Chronicle of Higher Education's CEO Joins Spring 2014 Interns

Chronicle of Higher Education's CEO Joins Spring 2014 Interns

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Maha Neouchy
March 24, 2014

Michael G. Riley, chief executive officer and editor in chief of The Chronicle of Higher Education, joined a group of 17 spring 2014 interns to discuss his diverse career in both print and online journalism.

 

Before joining The Chronicle of Higher Education last year, Riley had a series of notable and diverse positions including:

 

The Changing World of Journalism

 

Riley's main topic of discussion was witnessing the transition from print to digital media: "Most journalists who are my age right now wish they weren't in journalism. They see this ship going from a pretty stable and profitable print world to this very uncertain digital and online world. All the rules have changed, all the business models have changed, all the revenue streams are very different than what they were. But I take issue with that because I think this is the golden age of journalism in many ways and it's going to be you guys around this table that help reinvent the wheel. The Internet has changed everything just like the printing press changed everything when it was invented by Gutenberg."

 

What does Riley believe caused such a major transition from offline to online media? The mobile phone, which put "a printing press in everyone's hands."

 

Riley's Long and Diverse Career

 

During his undergraduate years, Riley majored in journalism. After graduating, he covered the 1988, 1992 and 1996 presidential elections and then became interested in learning more about the digital world, specifically the Internet. He completed a digital technology fellowship with CNN in 1994 and 1995, where he worked on a politics and web joint venture called allpolitics.com. 'Nothing was in real-time. It was like watching one of the first black and white movies—technology was terrible and the revolution over the last two decades has been incredible."

 

Riley shared that this year alone, more than half of the Chronicle of Higher Ed's "revenue will come from what we did online, and there are very few media organizations that can say that; we're lucky because we serve a niche. From rising tuitions to the introduction of technology, we get to cover it all. If you can find a niche, own it, and become the go-to place, people will actually pay money for your publication."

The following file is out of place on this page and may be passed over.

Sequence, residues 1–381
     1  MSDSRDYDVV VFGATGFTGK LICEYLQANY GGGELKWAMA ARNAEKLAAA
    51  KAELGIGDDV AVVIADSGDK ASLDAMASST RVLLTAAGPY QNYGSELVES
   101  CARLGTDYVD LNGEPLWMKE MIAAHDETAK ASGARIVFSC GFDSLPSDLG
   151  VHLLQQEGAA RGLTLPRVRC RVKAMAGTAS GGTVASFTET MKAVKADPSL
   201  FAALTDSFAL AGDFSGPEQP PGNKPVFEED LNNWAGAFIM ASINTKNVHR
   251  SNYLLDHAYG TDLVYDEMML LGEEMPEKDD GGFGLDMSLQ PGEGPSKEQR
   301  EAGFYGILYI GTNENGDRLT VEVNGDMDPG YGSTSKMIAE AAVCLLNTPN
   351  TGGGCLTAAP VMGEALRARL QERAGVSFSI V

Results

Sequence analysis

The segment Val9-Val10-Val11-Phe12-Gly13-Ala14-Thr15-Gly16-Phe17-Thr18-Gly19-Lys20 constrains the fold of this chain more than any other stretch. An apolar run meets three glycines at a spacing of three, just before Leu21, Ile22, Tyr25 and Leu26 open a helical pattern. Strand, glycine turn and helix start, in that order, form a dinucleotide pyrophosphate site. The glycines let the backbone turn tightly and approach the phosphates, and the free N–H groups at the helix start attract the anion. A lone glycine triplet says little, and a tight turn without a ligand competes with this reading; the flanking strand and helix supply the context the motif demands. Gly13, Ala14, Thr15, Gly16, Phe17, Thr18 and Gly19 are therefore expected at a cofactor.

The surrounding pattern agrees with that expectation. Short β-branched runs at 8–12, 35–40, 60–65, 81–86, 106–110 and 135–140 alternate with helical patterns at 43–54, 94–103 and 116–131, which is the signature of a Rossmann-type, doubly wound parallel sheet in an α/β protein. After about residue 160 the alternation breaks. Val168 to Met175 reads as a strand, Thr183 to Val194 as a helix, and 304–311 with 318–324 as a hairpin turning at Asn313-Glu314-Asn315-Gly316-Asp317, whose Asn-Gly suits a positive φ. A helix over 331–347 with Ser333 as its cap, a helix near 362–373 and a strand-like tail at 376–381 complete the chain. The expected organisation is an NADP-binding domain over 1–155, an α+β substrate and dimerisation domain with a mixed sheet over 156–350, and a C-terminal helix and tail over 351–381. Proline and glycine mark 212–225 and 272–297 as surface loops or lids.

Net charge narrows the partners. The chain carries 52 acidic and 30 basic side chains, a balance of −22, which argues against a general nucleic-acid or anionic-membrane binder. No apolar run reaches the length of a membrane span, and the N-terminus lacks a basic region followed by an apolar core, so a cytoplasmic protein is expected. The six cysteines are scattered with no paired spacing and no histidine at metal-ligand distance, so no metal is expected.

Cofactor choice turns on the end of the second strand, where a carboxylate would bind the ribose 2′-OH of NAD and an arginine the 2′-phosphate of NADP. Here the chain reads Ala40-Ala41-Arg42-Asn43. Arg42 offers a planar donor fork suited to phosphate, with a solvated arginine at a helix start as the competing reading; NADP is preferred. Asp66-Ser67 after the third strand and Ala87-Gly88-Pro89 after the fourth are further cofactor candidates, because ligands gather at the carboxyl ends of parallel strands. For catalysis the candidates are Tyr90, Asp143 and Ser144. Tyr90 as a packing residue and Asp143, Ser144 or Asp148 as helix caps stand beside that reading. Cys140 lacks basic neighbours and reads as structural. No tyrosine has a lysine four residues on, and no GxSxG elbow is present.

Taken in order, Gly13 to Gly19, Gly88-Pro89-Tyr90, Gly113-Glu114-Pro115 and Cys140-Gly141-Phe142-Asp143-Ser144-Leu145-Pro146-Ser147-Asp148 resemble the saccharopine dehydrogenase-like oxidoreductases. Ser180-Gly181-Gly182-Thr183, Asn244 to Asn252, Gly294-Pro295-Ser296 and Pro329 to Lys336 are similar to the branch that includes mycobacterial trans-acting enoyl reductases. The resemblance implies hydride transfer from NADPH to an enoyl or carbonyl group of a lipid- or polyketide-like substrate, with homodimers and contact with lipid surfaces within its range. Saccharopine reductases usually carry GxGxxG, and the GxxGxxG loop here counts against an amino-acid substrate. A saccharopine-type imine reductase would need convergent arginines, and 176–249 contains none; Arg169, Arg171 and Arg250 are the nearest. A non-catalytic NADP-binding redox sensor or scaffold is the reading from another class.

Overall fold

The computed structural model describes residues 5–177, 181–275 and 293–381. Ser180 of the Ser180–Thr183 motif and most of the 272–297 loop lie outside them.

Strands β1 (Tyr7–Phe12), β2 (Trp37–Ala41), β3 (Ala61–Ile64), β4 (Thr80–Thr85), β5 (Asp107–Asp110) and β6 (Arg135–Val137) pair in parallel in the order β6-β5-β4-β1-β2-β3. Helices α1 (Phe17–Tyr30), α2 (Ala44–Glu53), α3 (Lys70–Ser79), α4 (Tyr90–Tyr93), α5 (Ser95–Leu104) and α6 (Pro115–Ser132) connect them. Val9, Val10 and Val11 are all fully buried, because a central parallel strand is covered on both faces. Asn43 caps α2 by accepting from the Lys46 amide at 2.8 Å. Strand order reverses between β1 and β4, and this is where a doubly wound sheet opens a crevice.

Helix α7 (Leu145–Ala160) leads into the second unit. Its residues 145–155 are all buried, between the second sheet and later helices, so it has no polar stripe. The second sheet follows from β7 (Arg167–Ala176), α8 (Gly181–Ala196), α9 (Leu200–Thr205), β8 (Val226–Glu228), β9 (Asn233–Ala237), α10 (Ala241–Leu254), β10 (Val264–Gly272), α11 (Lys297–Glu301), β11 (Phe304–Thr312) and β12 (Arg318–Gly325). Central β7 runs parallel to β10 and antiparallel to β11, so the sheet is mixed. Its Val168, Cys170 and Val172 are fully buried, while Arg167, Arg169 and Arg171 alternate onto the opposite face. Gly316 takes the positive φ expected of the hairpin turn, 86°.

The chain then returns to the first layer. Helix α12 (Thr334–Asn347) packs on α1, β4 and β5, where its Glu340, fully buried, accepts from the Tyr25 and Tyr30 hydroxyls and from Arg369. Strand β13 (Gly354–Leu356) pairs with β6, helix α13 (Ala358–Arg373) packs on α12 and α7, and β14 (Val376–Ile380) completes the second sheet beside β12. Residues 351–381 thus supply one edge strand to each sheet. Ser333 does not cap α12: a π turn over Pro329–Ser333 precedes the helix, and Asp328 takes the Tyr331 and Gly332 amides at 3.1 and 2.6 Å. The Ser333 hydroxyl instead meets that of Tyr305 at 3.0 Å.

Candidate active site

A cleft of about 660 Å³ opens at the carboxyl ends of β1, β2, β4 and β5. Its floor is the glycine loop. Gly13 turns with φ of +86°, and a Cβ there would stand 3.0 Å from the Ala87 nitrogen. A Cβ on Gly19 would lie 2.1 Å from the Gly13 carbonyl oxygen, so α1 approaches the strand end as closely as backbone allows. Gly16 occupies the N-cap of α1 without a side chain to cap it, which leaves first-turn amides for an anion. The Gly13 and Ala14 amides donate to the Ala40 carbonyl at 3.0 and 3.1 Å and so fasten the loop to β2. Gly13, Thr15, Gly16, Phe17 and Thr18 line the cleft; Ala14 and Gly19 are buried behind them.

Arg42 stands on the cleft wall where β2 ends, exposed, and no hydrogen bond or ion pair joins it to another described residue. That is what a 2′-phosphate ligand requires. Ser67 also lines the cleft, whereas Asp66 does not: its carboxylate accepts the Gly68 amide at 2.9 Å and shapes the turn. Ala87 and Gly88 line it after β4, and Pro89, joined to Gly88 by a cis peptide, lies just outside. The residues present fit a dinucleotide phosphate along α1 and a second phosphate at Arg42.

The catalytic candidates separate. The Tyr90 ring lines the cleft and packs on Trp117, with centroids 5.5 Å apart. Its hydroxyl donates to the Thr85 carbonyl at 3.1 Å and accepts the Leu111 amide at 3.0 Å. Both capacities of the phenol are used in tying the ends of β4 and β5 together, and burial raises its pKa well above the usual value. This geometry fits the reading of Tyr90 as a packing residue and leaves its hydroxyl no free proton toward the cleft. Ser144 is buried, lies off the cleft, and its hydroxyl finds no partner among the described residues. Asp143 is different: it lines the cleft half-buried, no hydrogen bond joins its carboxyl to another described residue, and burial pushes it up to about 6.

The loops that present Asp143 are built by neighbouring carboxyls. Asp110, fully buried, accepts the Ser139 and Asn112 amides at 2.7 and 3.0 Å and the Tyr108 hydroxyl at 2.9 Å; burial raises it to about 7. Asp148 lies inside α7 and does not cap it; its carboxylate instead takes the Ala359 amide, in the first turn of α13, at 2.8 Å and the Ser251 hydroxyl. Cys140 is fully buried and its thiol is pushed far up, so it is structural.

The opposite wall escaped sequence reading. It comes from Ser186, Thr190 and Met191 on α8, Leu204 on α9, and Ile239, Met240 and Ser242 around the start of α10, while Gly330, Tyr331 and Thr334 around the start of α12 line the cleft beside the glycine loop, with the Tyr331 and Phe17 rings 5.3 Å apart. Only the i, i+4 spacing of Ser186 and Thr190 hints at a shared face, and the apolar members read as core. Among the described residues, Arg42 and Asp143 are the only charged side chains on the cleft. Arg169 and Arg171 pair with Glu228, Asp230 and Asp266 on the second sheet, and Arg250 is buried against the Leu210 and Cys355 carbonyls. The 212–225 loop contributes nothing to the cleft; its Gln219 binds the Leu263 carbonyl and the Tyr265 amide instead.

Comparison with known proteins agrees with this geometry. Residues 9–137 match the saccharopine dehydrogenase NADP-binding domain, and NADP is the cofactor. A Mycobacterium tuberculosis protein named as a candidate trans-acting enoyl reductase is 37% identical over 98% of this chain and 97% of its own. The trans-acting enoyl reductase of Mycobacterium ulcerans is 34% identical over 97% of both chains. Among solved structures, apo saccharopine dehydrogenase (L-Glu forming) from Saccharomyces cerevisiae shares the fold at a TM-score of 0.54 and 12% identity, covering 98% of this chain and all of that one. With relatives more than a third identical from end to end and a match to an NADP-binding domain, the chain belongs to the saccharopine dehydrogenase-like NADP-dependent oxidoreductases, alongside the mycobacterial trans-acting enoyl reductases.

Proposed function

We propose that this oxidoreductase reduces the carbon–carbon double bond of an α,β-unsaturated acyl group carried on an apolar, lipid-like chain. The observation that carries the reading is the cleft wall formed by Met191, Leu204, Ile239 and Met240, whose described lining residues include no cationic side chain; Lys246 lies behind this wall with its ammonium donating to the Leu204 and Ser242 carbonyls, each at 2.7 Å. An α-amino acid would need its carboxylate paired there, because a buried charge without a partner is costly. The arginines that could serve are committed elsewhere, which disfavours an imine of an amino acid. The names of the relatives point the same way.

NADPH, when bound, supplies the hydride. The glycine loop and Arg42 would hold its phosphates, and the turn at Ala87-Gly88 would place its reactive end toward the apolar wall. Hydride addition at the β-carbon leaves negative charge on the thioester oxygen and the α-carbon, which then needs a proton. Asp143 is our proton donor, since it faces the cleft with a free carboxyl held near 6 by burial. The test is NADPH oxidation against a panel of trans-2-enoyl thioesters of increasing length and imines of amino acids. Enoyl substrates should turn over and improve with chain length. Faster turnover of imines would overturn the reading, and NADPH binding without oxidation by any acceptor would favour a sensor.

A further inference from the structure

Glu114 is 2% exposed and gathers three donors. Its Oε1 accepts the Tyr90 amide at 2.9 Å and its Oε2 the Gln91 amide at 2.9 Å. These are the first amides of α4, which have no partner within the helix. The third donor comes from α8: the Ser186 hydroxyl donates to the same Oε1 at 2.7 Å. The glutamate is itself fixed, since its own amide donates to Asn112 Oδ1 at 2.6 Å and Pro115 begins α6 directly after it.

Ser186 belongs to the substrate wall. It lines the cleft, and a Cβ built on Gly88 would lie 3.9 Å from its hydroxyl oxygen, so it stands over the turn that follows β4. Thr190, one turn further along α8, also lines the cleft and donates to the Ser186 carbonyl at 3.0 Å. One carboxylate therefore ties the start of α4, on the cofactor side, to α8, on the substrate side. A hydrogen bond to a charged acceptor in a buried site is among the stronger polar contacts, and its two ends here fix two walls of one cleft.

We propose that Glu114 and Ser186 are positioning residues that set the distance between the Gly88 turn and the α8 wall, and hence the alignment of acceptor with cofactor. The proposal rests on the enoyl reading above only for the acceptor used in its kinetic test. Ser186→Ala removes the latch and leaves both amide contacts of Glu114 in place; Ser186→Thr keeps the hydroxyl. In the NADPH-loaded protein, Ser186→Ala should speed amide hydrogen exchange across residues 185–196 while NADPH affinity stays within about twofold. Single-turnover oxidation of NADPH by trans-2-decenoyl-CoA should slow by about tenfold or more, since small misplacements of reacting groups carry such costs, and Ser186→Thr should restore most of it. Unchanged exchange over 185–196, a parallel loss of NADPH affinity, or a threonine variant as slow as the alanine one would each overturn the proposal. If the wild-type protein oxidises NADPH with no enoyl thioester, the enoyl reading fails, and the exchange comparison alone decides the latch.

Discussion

In his current position, Riley helps manage a number of different publications and initiatives including:

 

  • Chronicle of Philanthropy
  • Arts & Letters
  • Daily Online-News Services
  • Specialized Websites

Questions from TWC Spring 2014 Interns

 

Student Question: Did you have a goal in mind in regards to where you wanted to see yourself one day?

 

Riley: "Always make sure you're doing your best work at that moment. I've never been the person with a five or 10-year plan. I didn’t have one, I just knew I loved business, government, technology and the intersection of all three."

 

Student Question: For our generation, there are so many changes and so much happening with technology. What do you think is the biggest challenge we will face in our job search?

 

Riley: "If there is one thing you need to know to get ahead, it's wrapping your head around all the data and how to use it. There is more and more information coming at us and we have to figure out how to make sense of it. It doesn’t mean you have to be a data scientist or that you have to know how to run SPSS, we just have to understand data and how to use it to make decisions. Statistics courses, economics courses, those are all very helpful."

 

Advice for Up and Coming Journalists

 

Riley ended with tips and advice regarding what he looks for in job candidates:

 

  • Applicants who are both smart and agile
  • Someone who can connect the dots
  • Grit, resilience, and perseverance

Experience a Day in the Life of an Intern at The Washington Center

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